By Brittney MacDonald, Life & Style Editor
Normally, I never tell people what they should vote for when Oscars time rolls around. Not that their votes matter anyway, I’m pretty sure I don’t know any members of the Academy. But when we, as consumers of the almighty film reel, are gifted with something as amazing and intricate as The Boxtrolls, I have to speak up.
Too often I hear people nowadays discredit stop-motion animation as aesthetically “creepy” or not as impressive as the computer graphics (CG) epics like Big Hero 6. Yet when a film like The Tale of The Princess Kaguya is suddenly talked up—not only because of its narrative, which I will admit is beautiful—but because it employs traditional animation (i.e., hand-drawn frames), which is considered so much more tedious and difficult than CG, I have to wonder: what makes that more valuable than stop-motion animation?
If we’re measuring a film by depth of process and dedication of team then hands down The Boxtrolls should win. As someone who has attempted stop-motion animation before, it is far more difficult than any traditionally animated film. Not only does every character need to be modelled, but they also need to be modelled for every movement that they will make during the duration of the film.
To put it into perspective, one of the most famous stop-motion animated films in recent history is The Nightmare Before Christmas. The main character, Jack Skellington, had over 500 heads. And that was just his head! Imagine how many pieces it took to animate the rest of him!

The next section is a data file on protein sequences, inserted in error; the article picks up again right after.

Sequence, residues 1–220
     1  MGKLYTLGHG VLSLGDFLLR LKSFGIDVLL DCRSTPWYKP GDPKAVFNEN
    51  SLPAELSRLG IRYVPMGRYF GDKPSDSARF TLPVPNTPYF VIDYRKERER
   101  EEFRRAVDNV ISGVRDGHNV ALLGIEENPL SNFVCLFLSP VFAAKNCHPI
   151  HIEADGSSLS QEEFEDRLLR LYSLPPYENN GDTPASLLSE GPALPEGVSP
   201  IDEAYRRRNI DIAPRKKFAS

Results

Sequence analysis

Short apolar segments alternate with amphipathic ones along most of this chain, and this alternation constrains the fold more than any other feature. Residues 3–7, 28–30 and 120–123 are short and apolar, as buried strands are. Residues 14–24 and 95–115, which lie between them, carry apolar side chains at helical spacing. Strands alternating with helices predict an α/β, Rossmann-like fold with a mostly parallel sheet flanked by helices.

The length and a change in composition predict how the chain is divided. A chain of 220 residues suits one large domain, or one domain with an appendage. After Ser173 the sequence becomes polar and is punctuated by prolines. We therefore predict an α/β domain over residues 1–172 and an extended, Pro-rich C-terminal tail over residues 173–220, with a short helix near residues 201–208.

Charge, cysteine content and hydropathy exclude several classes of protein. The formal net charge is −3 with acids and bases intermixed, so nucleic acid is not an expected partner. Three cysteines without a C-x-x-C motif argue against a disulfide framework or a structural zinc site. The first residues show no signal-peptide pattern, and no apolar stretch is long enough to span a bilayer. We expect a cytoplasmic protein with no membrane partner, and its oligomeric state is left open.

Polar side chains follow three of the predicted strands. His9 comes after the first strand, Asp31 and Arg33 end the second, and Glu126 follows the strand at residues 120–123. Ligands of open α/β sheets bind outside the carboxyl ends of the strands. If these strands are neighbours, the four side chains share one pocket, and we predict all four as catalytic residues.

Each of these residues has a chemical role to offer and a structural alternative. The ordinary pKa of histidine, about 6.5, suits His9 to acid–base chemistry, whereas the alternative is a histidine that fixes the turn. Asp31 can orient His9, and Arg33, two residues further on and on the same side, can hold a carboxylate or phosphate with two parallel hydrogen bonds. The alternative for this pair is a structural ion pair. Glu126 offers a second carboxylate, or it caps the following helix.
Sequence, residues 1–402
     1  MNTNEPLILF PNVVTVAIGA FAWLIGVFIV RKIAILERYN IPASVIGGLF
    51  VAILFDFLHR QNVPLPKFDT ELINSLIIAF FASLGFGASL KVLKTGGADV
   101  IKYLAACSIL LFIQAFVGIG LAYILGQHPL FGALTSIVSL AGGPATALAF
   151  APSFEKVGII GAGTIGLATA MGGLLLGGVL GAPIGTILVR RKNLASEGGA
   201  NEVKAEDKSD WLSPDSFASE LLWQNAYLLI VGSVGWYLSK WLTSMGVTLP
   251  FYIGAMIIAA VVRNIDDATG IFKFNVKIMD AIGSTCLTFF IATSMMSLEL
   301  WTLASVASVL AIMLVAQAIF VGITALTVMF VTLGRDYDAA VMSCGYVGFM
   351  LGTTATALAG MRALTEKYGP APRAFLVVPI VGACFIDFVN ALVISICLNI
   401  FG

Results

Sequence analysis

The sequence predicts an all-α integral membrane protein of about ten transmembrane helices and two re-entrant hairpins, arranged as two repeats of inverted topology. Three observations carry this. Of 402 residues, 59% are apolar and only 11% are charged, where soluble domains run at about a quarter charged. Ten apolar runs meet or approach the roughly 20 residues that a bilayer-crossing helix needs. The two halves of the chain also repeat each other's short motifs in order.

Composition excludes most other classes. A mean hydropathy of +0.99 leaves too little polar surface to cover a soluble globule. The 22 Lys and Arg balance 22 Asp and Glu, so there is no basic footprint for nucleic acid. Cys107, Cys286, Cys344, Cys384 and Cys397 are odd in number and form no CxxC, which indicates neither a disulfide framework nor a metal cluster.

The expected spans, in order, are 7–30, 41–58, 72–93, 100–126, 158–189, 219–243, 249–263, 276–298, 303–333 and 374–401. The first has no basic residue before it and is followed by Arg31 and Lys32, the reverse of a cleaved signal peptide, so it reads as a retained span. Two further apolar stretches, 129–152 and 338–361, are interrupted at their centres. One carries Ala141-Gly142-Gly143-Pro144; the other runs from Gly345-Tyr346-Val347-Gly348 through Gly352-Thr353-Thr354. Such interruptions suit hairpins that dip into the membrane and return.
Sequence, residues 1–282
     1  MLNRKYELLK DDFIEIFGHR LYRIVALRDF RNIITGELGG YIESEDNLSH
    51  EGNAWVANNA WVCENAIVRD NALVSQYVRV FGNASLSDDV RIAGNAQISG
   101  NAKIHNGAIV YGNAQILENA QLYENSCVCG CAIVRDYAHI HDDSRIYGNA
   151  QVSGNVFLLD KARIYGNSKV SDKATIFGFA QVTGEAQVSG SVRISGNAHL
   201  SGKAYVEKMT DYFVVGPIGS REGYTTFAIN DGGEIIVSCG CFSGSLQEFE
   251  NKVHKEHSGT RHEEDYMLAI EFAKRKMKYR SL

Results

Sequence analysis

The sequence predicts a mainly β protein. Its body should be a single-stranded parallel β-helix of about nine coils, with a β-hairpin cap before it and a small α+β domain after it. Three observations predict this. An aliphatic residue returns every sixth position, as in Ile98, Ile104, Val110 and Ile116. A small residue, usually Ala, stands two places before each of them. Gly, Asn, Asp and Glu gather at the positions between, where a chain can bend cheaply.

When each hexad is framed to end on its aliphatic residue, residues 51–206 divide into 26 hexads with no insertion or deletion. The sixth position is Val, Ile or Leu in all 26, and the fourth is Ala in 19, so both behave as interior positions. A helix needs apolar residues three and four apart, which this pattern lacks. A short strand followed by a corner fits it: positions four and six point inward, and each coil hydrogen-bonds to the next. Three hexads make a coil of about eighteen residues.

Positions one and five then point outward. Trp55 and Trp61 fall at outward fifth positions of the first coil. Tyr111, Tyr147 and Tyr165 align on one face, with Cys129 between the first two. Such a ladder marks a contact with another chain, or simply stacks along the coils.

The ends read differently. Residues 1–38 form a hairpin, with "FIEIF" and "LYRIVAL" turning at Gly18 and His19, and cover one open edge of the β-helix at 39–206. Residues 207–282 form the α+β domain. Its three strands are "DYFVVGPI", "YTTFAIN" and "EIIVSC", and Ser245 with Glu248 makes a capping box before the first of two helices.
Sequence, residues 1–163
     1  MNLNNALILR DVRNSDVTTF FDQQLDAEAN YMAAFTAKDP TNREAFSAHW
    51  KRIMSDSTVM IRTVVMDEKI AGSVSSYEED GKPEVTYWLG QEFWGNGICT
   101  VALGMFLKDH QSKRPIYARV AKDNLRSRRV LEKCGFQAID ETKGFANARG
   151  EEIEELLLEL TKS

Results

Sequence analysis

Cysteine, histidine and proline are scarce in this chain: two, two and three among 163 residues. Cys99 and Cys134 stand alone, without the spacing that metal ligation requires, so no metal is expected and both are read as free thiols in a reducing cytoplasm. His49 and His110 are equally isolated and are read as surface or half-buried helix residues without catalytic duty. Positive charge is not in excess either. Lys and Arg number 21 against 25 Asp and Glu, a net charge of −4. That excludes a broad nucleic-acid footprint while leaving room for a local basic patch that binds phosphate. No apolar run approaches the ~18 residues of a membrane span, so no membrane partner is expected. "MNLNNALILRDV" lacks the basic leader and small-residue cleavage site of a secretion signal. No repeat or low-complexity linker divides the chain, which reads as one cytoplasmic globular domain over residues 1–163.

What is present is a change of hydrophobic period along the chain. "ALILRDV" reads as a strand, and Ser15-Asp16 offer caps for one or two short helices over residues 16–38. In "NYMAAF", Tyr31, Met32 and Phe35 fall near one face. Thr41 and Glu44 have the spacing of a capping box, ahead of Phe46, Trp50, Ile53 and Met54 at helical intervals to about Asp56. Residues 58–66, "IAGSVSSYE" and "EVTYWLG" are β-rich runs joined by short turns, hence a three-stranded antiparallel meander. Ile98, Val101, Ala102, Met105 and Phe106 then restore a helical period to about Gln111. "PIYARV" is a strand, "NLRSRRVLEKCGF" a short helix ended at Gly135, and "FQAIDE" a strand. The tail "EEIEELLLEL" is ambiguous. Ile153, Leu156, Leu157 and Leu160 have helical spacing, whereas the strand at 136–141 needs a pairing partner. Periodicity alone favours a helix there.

All of those models must be sculpted by hand, unlike traditional animation where frames can be traced over top one another.
Of course none of this would matter if the concept and the writing weren’t good. I loved the story behind this film. Not only is it wonderfully imaginative, but it also teaches valuable lessons against classism, limiting yourself with preconceived notions, and what makes a family.
In my opinion, though The Tale of The Princess Kaguya is wonderfully written, so are all of the nominees for the Best Animated Film category. From Big Hero 6 to How to Train Your Dragon 2, well-written, family-centric narratives were really big this year. Nevertheless, only one movie goes that one step beyond with its animation style, and I definitely think it should be rewarded for that.